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Berit Olam: Judges

Berit Olam: Judges

Tammi J. Schneider

ISBN: 9780814650509, 5050
Details: 344 pgs, 6 x 9 x 1 1/4
Publication Date: 01/01/2000


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The biblical book of Judges contains culturally familiar stories such as that of Samson and Delilah and Deborah and Baraq. But despite the popularity of these stories, other important stories in Judges such as that of Achsah, the raped pilegesh, and the final civil war are virtually unknown to the average reader.

Approaching Judges as a unified literary document, Tammi Schneider shows that the unity of the narrative reveals that when the Israelites adhere to the covenant established with their deity they prosper, but when they stray from it disaster follows. This is true not only in the Deuteronomistic refrains, as is recognized by many scholars, but in the whole book, and is reflected in Israel's worsening situation throughout its narrative time.

Schneider also highlights the unifying themes in Judges. She emphasizes the role of gender, family relations, and theology expressed in the biblical narrative, and uses intertextuality to better understand the text of Judges and its context in the Deuteronomistic history and the Hebrew Bible.

Tammi J. Schneider is assistant professor in the religion department at Claremont Graduate University, in Claremont, California. She received her BA in Hebrew language and literature from the University of Minnesota, and a PhD in ancient history from the University of Pennsylvania. She has excavated at a number of archaeological sites in Israel and is co-director of the excavation of Tel el-Fara' South in Israel. She is project director at the Institute for Antiquity and Christianity in Claremont and area editor for Ancient Near East for Religious Studies Review. Her publications cover topics in Assyriology, ancient Near Eastern history, archaeology, and biblical studies.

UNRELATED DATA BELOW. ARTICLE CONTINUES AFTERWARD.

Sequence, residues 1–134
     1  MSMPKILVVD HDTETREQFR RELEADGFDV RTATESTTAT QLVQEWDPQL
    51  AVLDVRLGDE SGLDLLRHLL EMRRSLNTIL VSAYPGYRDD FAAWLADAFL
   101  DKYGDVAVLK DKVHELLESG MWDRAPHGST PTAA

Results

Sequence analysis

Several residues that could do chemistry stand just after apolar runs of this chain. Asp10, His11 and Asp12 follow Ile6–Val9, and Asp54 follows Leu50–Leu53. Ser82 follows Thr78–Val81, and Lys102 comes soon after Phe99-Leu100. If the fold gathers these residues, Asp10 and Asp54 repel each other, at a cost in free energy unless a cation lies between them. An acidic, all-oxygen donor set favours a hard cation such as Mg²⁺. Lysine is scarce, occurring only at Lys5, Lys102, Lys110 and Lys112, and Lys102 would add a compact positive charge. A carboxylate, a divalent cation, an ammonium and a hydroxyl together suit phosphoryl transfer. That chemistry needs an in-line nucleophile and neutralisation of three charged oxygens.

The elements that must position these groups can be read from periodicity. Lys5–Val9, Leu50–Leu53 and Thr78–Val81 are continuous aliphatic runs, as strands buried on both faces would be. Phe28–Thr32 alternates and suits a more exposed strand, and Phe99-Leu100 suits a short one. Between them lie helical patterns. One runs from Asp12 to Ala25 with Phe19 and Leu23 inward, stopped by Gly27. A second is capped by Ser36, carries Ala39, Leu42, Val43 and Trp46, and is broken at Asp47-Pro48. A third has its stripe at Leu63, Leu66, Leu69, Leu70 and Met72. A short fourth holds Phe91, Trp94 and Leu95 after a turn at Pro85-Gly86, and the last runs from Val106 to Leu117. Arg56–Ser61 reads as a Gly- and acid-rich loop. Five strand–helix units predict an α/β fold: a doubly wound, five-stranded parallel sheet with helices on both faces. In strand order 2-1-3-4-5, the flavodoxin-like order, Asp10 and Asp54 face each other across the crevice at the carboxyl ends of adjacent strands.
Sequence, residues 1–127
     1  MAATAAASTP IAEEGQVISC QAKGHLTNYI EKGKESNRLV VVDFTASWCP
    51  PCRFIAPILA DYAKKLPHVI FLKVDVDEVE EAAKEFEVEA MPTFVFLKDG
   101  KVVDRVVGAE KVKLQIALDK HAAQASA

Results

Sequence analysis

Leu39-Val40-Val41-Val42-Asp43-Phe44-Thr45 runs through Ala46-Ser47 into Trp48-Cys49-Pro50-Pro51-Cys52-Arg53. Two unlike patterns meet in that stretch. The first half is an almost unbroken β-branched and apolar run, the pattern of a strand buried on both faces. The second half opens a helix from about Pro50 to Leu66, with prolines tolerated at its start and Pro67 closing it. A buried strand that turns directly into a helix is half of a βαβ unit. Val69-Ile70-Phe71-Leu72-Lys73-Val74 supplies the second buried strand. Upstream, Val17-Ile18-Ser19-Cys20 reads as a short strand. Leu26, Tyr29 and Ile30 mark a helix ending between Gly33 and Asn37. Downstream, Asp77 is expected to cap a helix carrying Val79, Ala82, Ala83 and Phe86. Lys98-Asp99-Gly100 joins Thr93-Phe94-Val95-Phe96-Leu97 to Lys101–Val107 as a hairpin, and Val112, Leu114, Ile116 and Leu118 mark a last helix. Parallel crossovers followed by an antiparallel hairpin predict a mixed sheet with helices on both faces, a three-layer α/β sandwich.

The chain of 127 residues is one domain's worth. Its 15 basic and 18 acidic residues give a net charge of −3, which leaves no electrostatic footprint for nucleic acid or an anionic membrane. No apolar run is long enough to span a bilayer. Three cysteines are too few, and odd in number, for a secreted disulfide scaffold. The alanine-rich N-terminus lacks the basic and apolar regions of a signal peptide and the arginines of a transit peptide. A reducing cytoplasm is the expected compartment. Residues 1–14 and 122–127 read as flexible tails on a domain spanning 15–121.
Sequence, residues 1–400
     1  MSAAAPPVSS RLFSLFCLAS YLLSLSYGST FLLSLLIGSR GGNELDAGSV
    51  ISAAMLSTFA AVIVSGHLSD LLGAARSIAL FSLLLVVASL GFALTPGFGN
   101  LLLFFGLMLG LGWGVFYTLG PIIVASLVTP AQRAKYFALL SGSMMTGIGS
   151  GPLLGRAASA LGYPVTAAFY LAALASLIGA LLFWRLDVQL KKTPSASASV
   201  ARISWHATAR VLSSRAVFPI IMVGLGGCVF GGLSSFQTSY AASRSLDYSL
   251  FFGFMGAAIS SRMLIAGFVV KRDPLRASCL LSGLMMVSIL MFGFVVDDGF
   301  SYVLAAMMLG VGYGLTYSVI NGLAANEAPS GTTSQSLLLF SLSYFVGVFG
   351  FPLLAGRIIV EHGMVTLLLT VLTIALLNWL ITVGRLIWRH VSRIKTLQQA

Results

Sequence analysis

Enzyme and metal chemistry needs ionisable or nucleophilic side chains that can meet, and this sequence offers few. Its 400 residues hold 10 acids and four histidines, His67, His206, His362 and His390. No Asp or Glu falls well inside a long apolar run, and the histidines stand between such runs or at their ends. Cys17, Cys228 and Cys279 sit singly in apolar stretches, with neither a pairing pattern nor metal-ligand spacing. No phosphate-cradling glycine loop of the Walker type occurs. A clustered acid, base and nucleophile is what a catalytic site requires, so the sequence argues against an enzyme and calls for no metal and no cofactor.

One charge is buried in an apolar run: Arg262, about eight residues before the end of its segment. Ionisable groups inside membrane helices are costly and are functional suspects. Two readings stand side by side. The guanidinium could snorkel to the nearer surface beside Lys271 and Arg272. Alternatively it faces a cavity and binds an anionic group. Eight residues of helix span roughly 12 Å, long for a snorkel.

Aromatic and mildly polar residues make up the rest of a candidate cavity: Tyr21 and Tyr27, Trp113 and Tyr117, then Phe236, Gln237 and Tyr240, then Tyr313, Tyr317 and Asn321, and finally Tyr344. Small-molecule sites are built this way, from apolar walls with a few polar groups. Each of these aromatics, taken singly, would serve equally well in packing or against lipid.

. . . may well be the best available literary analysis of the whole book of Judges.
Hebrew Studies

". . . offers an interesting, clearly written synthetic reading of the enigmatic book of Judges. Schneider's attention to the nuances of the Hebrew text, bringing the dynamics of the original closer to the English reader, is particularly commendable.
Marc Z. Brettler, Brandeis University

I liked the use made of two things. One, the way Ancient Near Eastern scholarship, well-defined and up-to-date, was introduced into the commentary whenever possible. The effect of that was to make the biblical text more vivid and more real. And two, feminist scholarship on Judges was integrated into the work; to the best of my knowledge, this is the first commentary on Judges whose author does not shy away from feminist criticism but, on the contrary, brings it to bear on the biblical text.
Athalya Brenner, University of Amsterdam

Students, clergy, and teachers will find this an informative and easy-to-read commentary that offers new insights on familiar stories.